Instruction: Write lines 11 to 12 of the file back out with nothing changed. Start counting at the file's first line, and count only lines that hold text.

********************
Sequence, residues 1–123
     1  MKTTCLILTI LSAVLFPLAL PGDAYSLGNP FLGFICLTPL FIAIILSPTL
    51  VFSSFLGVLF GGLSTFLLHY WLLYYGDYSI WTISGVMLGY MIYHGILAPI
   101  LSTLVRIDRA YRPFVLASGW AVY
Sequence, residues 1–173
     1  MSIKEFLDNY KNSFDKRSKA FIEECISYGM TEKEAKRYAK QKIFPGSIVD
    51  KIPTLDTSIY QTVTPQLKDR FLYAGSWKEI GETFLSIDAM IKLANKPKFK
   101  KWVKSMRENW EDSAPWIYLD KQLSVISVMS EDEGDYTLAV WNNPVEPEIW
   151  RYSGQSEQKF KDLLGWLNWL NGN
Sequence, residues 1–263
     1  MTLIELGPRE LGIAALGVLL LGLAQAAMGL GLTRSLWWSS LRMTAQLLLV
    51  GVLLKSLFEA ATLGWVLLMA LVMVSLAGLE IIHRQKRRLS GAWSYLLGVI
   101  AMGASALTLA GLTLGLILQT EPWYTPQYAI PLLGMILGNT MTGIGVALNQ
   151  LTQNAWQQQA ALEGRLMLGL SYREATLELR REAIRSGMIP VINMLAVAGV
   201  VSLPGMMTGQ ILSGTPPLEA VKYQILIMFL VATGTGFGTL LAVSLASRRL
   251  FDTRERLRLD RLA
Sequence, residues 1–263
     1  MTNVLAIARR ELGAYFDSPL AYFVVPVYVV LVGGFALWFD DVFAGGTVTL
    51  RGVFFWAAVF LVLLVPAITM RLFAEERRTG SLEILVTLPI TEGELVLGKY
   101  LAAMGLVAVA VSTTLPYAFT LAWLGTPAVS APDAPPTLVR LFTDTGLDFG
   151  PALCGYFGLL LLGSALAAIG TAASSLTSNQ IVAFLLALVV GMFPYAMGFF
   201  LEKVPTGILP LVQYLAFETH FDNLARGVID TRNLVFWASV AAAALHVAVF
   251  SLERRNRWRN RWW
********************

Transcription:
     1  MTLIELGPRE LGIAALGVLL LGLAQAAMGL GLTRSLWWSS LRMTAQLLLV
    51  GVLLKSLFEA ATLGWVLLMA LVMVSLAGLE IIHRQKRRLS GAWSYLLGVI